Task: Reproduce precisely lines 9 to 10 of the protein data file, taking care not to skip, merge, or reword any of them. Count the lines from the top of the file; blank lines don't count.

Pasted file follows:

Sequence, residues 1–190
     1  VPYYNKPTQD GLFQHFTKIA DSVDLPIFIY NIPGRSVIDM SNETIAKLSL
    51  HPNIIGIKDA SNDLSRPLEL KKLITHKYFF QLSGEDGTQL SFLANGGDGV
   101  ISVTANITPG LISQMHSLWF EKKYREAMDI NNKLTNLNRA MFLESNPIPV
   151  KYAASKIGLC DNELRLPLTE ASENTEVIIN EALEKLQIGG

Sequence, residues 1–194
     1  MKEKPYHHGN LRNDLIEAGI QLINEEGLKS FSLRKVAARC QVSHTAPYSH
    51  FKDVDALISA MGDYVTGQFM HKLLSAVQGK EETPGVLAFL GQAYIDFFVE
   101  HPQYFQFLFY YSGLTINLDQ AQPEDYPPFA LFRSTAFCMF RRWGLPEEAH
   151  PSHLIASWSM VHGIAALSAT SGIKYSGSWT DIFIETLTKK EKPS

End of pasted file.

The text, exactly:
   101  HPQYFQFLFY YSGLTINLDQ AQPEDYPPFA LFRSTAFCMF RRWGLPEEAH
   151  PSHLIASWSM VHGIAALSAT SGIKYSGSWT DIFIETLTKK EKPS